I am truly thankful for Dr. King’s tremendous insight, courage, and dedication, all tragically cut way too short by an assassin’s bullet in 1968.

Quote of the Day

“If the facts are against you, argue the law. If the law is against you, argue the facts. If the law and the facts are against you, pound the table and yell like hell.”

Attributed to Carl Sandburg

My Mentors: Jesus and Marx

A helpful clarification.

Those who know me even a little know that I enjoy reading books and that virtually anywhere I go—especially if I anticipate having to hang out in a waiting area (appropriately masked and socially distanced, of course![1])—I will have a book with me. An actual book, mind you, not a digital version.[2] I generally prefer nonfiction to fiction, although, in checking my book-reading log (yes, I actually keep one—call me weird), I see that I’ve read five fiction titles so far in 2020.

Not infrequently, someone will notice my public book-reading–which apparently is as peculiar as  public nose-picking–and make a friendly comment. “I see you have a book there. What are you reading?”

Typically, I’ll do a quick show-and-tell. One time, a young medical assistant’s comment was, “Oh, what a pretty book. The cover’s almost entirely white.” It was Rand Paul’s The Case Against Socialism. I was about to give her a 20-second summary of its contents, but at the last second I thought better of it and instead replied, “Oh, yes! I only read pretty books.”

One “pretty book” I’m reading now is The Groucho Letters: Letters from and to Groucho Marx. It was a birthday gift from my son, who shares my peculiar sense of humor (sorry, son) and my appreciation of Marx Brothers movies, which I have enjoyed since high school.[3]

I’ve often said through the years, somewhat tongue-in-cheek, that my lifelong mentors are Jesus and Marx. That piques the curiosity of some people. Many younger folks, however, respond with a blank stare or a polite chuckle, so I’ll go on to clarify: “That’s Groucho Marx, the one with the big black mustache and eyebrows, the glasses, and the cigar—not Karl, the one with the big bushy hair and beard, who you’ve been taught about in school.” For those who are still confused, I offer this helpful distinction: “In the twentieth century, Groucho Marx was directly responsible for 100 million laughs; Karl Marx was indirectly responsible for 100 million deaths.” That’s it in a nutshell.

Now, about who Jesus is—often equally as unknown as Groucho—well, that’s another story for another post.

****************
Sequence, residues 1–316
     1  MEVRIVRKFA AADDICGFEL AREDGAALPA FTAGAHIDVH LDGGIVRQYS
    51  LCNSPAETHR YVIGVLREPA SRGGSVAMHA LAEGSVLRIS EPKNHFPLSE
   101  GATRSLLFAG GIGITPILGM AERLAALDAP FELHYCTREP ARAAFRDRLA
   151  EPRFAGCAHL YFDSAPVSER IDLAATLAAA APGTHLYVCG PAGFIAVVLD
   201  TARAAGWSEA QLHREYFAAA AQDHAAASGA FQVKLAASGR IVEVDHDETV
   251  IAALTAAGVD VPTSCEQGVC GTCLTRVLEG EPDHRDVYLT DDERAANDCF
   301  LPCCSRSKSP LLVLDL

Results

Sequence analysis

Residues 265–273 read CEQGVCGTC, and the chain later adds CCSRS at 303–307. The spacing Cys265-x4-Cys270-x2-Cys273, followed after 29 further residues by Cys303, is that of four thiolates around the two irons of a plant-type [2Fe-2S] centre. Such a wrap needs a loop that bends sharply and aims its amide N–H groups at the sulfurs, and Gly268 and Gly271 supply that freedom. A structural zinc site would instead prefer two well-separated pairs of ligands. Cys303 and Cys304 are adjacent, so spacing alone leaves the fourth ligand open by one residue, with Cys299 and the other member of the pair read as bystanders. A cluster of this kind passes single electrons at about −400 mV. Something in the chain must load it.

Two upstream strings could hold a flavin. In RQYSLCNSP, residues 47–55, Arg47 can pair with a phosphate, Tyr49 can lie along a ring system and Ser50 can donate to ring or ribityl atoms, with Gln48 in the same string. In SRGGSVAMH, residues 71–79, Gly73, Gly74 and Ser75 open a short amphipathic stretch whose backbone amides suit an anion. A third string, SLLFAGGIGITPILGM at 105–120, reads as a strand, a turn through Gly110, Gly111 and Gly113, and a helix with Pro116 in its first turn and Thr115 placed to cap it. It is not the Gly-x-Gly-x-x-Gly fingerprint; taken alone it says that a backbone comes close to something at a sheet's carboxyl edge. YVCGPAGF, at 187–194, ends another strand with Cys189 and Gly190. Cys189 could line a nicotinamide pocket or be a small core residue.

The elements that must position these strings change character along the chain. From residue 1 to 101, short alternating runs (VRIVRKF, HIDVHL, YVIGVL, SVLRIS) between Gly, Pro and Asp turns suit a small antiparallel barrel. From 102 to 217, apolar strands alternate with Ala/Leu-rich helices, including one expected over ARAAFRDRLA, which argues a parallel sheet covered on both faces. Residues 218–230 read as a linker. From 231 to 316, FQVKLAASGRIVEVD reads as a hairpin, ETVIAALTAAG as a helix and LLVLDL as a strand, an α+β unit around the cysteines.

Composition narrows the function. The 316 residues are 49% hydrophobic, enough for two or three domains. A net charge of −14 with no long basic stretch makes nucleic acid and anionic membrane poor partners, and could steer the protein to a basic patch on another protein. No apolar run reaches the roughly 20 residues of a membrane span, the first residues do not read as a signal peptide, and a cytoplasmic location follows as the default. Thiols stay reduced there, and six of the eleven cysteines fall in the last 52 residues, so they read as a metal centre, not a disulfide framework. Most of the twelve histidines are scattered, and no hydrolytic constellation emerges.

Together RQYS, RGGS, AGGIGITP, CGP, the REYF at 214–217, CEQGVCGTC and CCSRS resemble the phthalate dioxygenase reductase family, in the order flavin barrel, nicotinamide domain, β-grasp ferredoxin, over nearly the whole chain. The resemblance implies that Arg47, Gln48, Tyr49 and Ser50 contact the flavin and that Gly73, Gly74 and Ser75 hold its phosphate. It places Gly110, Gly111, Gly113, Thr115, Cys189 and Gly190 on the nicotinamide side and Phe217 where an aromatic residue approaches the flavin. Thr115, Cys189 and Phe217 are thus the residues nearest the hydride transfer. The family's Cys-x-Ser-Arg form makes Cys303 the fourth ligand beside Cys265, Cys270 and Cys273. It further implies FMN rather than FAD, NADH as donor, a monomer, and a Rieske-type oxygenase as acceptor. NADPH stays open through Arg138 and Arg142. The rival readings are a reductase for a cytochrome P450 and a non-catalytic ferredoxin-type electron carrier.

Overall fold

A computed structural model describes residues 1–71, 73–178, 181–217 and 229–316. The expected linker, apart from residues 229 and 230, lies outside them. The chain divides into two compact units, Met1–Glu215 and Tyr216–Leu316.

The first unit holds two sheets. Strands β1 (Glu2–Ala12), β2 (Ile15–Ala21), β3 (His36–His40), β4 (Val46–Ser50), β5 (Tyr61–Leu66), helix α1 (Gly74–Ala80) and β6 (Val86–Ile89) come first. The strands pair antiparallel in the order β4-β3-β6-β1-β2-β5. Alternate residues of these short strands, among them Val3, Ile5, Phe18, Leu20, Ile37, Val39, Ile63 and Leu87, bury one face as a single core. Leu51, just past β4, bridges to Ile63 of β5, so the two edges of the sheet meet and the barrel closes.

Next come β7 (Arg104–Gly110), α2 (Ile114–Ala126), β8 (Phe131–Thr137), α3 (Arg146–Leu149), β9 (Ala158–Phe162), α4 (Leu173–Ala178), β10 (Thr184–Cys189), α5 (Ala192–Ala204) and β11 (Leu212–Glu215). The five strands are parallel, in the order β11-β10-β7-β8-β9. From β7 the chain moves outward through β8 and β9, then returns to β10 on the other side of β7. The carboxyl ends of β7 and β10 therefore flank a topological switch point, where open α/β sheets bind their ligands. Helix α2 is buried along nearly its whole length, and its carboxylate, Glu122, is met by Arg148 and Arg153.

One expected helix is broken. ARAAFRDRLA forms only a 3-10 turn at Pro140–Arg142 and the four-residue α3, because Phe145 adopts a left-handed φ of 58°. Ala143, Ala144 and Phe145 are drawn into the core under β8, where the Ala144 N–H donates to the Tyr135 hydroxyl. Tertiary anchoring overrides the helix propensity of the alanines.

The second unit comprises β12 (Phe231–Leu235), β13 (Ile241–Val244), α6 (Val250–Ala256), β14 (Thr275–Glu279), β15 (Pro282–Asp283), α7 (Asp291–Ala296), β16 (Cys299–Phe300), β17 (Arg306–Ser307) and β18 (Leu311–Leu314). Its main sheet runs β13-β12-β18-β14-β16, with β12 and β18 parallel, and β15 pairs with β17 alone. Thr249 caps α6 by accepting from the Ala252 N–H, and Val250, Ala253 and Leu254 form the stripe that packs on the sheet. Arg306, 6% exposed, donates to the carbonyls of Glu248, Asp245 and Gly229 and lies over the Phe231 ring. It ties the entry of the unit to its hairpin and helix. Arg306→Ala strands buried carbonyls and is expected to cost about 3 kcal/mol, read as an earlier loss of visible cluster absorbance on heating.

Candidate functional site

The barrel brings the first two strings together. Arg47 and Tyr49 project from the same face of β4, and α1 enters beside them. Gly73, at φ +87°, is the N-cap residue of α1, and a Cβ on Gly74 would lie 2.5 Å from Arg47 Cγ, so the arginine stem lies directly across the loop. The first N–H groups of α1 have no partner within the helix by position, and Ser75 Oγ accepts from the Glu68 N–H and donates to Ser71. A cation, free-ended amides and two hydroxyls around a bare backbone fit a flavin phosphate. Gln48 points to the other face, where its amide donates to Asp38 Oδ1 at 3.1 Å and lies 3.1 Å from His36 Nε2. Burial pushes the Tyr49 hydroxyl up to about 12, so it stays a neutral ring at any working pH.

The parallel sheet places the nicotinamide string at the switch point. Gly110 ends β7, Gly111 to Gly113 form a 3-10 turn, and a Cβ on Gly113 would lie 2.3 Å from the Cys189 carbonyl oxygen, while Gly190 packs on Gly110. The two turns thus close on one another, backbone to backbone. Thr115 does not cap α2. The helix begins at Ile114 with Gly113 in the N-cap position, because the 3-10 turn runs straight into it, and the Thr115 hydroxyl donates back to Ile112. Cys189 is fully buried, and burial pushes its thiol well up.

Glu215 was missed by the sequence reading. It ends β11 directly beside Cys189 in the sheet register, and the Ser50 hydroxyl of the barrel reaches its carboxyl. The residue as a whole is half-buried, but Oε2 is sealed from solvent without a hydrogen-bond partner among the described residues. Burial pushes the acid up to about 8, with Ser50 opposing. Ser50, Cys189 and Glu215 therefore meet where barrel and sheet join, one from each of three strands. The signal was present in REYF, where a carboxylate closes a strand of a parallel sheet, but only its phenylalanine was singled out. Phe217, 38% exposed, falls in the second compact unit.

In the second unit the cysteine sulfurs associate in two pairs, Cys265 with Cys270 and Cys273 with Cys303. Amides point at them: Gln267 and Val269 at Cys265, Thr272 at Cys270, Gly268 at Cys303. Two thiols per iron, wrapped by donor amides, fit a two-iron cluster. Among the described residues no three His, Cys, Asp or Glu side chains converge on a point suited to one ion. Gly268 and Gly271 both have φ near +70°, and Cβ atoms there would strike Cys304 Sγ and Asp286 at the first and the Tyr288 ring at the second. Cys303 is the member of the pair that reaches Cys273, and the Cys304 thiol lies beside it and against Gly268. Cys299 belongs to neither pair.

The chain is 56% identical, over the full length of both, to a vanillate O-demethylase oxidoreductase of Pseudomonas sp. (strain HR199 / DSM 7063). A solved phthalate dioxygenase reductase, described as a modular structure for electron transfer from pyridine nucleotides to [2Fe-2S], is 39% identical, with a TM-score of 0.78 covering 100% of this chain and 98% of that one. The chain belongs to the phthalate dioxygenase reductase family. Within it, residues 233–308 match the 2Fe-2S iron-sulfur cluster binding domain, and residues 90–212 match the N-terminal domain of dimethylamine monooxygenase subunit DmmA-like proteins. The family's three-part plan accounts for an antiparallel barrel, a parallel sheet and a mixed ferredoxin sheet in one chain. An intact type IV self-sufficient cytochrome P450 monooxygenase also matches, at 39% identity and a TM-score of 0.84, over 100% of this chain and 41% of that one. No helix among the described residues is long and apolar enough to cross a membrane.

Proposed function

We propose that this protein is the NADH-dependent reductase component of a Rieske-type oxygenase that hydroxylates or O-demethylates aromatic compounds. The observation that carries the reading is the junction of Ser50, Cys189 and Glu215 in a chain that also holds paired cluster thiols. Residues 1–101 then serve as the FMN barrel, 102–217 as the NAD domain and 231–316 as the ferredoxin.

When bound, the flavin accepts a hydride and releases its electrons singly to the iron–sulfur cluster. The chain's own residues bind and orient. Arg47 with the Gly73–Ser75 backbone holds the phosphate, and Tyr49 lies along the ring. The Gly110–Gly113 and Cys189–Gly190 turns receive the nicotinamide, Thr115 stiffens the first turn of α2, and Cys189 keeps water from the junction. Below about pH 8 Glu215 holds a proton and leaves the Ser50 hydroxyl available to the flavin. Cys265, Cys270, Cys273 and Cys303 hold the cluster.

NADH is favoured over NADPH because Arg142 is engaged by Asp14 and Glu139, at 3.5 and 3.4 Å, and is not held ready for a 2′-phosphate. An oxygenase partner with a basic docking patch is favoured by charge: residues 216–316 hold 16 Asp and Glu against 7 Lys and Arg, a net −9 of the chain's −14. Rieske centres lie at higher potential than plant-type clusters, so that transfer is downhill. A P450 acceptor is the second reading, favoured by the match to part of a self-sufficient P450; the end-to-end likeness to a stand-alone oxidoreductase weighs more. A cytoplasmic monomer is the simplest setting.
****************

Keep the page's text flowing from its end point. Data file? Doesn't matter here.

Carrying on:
[1] Some of my friends seem to care about that sort of thing more than almost anything else, so please be reassured.

[2] I have nothing against digital versions—I’ve read several on my Kindle—they’re just not my cup of reading tea.

[3] I attended high school in the 1970s, when Marx Brothers movies, made between and 1929 and 1949, were enjoying a brief revival. Just clarifying in case you thought I was 98 years old. Close but no cigar.

Meaningless, Lazy, Inflammatory, Taboo Words

Miscellaneous musings on our culture’s spoken and written language.

Meaningless Words

Facebook invited us to toss words into the dust bin when they created those cute little emoticons or emojis. Now, let me say from the get-go that I use those cute little emojis. I am a user. But what do they really mean? Like, Love, Haha, Wow, Sad, and Angry. The words—and underlying concepts—are virtually meaningless.

Hang onto your britches and let me explain. FB invites us to express supposed emotions with a single symbol, to save us the time and mental effort involved in using vocabulary to formulate sentences to express thoughtful replies. No need to do that when we can express displeasure by inserting an angry-face emoticon, or astonishment with a wow-face emoticon—when we may not feel anything like true anger or astonishment, in which case we’re conveying pseudo emotions. They’re not real.

Sometimes the feelings involved are deep and genuine—I’m not suggesting we’re all phonies on social media (but I think a lot of us are a lot more unreal there than we care to admit). Continue reading “Meaningless, Lazy, Inflammatory, Taboo Words”

From the Wacky-News Desk

RE: Robert Lee, Confederates, and Related Nonsense

Robert Lee

ESPN announced yesterday that one of their broadcasters, an Asian American by the name of Robert Lee, who was scheduled to cover a football game in Virginia this weekend, was pulled from the assignment because (are you ready for it?) someone might be offended by the similarity of the man’s name to that of the Confederate General Robert E. Lee—who is supposedly offending plenty of folks lately with his frightening statues. What in the world is going on with these pantywaist ESPN execs?

So my question is, where will the insanity end? What’s next in Zanyville, USA? Continue reading “From the Wacky-News Desk”